- Paperback: 544 pages
- Publisher: Simon & Schuster; 50 Anv edition (April 5, 2011)
- Language: English
- ISBN-10: 1451626657
- ISBN-13: 978-1451626650
- Product Dimensions: 5.5 x 1.2 x 8.4 inches
- Shipping Weight: 14.4 ounces (View shipping rates and policies)
- Average Customer Review: 4.2 out of 5 stars See all reviews (1,701 customer reviews)
- Amazon Best Sellers Rank: #1,332 in Books (See Top 100 in Books)
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Catch-22: 50th Anniversary Edition Paperback – April 5, 2011
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There was a time when reading Joseph Heller's classic satire on the murderous insanity of war was nothing less than a rite of passage. Echoes of Yossarian, the wise-ass bombardier who was too smart to die but not smart enough to find a way out of his predicament, could be heard throughout the counterculture. As a result, it's impossible not to consider Catch-22 to be something of a period piece. But 40 years on, the novel's undiminished strength is its looking-glass logic. Again and again, Heller's characters demonstrate that what is commonly held to be good, is bad; what is sensible, is nonsense.
Yossarian says, "You're talking about winning the war, and I am talking about winning the war and keeping alive."
"Exactly," Clevinger snapped smugly. "And which do you think is more important?"
"To whom?" Yossarian shot back. "It doesn't make a damn bit of difference who wins the war to someone who's dead."
"I can't think of another attitude that could be depended upon to give greater comfort to the enemy."
"The enemy," retorted Yossarian with weighted precision, "is anybody who's going to get you killed, no matter which side he's on."
Mirabile dictu, the book holds up post-Reagan, post-Gulf War. It's a good thing, too. As long as there's a military, that engine of lethal authority, Catch-22 will shine as a handbook for smart-alecky pacifists. It's an utterly serious and sad, but damn funny book. --This text refers to an out of print or unavailable edition of this title.
From Publishers Weekly
Starred Review. It would be difficult to imagine richer material for an audiobook reader, comedically speaking, than Joseph Heller's classic novel of wartime madness. Sanders is the lucky actor chosen to read Heller's masterpiece, and he does well by it, proceeding gamely through the novel's staggering array of comic set pieces and deliriously woozy dialogue. Heller's humor is straight-faced, requiring little more than a steady, sure voice, and Sanders offers just that. Line by line, joke by joke, Sanders reels through the marvelous phantasmagoria of Heller's World War II, tongue planted firmly in cheek. Caedmon's impressive package includes a 1970s-era recording of Heller reading selections from his book. Heller is a delightful contrast to Sanders, his slight lisp accentuating a marvelous Brooklyn accent. Heller reads as if with cigar perched on his lip and turns his novel into an extended borscht belt comic's riff.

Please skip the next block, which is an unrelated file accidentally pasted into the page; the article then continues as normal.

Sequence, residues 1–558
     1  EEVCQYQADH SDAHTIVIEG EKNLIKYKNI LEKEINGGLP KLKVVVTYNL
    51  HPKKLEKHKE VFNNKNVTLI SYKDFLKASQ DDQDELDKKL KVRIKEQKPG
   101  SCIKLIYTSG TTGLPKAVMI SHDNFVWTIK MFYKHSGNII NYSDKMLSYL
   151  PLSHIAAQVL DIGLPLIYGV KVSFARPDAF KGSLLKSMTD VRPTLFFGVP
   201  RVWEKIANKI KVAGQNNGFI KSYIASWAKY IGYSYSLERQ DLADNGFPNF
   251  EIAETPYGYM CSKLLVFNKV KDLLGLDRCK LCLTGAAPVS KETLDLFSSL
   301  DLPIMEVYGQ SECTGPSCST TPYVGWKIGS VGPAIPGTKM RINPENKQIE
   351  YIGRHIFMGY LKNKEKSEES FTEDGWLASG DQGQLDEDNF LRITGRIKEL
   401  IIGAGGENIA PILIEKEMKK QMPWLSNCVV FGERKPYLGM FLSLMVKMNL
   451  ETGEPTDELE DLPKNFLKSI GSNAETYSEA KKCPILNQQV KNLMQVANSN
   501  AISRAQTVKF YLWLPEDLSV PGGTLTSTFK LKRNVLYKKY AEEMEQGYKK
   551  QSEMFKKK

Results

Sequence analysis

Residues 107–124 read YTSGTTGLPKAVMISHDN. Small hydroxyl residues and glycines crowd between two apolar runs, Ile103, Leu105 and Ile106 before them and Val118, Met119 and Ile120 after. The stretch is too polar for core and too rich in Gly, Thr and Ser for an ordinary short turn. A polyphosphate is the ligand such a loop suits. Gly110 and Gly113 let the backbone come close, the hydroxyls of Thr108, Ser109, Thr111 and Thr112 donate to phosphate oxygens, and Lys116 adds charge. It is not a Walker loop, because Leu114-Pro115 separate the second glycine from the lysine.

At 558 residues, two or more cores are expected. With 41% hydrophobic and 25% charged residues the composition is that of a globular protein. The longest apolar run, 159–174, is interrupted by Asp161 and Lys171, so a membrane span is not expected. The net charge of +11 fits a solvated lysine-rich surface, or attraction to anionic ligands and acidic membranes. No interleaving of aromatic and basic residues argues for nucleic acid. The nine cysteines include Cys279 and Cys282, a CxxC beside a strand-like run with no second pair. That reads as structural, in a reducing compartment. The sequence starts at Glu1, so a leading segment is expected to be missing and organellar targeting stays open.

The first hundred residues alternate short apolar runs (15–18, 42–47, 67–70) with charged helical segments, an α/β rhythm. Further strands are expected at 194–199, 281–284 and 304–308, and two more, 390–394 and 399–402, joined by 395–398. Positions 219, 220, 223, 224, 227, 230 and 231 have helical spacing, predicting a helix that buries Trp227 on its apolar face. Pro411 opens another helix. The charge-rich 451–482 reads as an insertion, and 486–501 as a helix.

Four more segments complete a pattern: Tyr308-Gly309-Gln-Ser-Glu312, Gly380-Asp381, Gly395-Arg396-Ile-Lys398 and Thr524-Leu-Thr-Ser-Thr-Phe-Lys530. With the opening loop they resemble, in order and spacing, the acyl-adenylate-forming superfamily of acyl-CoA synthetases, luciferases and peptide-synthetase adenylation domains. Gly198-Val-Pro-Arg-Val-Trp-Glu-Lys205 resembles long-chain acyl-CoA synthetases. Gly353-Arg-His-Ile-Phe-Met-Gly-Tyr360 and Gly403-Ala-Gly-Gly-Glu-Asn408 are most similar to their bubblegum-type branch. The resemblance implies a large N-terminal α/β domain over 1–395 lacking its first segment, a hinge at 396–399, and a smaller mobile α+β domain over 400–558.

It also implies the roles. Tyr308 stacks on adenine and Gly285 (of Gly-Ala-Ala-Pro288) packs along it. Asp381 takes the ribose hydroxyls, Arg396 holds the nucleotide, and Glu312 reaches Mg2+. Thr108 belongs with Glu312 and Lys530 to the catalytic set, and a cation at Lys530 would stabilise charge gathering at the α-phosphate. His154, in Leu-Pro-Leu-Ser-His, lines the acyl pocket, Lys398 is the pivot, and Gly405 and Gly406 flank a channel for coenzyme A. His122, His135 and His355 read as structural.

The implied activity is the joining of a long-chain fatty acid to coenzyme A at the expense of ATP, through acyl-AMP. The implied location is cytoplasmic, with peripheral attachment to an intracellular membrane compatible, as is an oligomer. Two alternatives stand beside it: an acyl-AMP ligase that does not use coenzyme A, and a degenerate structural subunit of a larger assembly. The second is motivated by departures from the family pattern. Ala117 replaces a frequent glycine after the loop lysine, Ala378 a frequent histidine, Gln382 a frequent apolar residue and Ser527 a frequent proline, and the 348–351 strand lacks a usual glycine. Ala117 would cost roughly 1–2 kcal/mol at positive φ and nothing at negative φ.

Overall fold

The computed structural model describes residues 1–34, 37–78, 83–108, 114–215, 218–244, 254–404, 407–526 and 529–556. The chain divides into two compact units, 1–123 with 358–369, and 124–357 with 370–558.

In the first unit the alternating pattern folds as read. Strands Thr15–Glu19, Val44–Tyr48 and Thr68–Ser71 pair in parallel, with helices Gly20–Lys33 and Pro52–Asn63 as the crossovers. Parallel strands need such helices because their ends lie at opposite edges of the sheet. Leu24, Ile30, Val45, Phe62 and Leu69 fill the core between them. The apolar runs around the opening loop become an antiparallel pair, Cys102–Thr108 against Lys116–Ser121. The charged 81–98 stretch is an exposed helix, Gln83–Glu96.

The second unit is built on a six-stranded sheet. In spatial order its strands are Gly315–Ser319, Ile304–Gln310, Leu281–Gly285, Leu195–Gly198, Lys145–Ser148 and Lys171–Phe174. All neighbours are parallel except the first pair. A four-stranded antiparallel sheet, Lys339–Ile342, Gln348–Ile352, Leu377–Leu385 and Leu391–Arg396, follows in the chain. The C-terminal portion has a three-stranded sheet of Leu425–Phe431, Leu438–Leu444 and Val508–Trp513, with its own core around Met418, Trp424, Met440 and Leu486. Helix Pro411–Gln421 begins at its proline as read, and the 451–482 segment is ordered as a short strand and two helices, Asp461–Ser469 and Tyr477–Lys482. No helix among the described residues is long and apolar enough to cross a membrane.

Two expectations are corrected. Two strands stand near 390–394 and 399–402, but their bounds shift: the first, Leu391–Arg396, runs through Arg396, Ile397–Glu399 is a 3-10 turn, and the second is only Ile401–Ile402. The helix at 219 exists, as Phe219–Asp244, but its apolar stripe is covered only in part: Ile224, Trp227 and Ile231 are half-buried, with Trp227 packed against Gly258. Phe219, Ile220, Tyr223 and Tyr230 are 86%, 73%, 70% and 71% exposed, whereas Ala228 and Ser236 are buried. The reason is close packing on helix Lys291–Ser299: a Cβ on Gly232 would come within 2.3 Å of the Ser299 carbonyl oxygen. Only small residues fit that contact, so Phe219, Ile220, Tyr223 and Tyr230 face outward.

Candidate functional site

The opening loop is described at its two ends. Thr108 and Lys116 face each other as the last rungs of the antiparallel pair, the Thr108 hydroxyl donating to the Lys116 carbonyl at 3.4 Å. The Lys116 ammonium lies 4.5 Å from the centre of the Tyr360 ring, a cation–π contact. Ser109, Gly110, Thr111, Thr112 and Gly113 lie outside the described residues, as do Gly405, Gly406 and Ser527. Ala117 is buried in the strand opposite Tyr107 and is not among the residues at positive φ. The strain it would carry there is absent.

Copyright © Reed Business Information, a division of Reed Elsevier Inc. All rights reserved. --This text refers to an out of print or unavailable edition of this title.
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Top Customer Reviews
It rose above the realistic novels written immediately after the Second World War. It rose above Mailer and Jones and Shaw. When asked why he’d never written another book like Catch 22, Heller’s answer was “Who has?” Of course he was right. A couple of the great wave of novels that followed the Second World War stand shoulder to shoulder with the catch; Slaughter House Five and Gunter Grass’s Dog Years come to my mind. Lots of very good novels came out of the war, first novels from writers like Gore Vidal and Norman Mailer, Irwin Shaw and James Jones, Thomas Heggens, who won a Tony for the stage version of his novel, Mr. Roberts, James Gould Cozzens, who won a Pulitzer for Guard of Honor. None of those good books compare. Catch 22 entered the language. For a few years the blue paperback with the dancing soldier puppet was everywhere.
Yossarian, the novel’s hero, spends the novel trying not to die in the war. A difficult job, since his colonel raises the number of missions he must fly from twenty-five to seventy, in an attempt to impress the Saturday Evening Post. Since I last read this I served in the army, where sooner or later everybody winds up working for Colonel Cathcart. I’m thinking that besides its anarchic appeal for youth, there were at that time millions of Veterans many of whom shared it’s cynicism about the organizations they worked for.
If you’ve never read it, you’ve missed a great read. If you read it a long time ago It might be time to enjoy it again. I suspect you’ll still laugh whenever Heller tells you to. And like love at first sight it will probably still break your heart.
P.S. I thought the movie base on this book was mediocre.
It's easy to see why this book is a classic. Advice? Just read it. Don't have any expectations.
In summary the book was well written, clever and even funny at points but far too long to justify spending the time to read it in my opinion.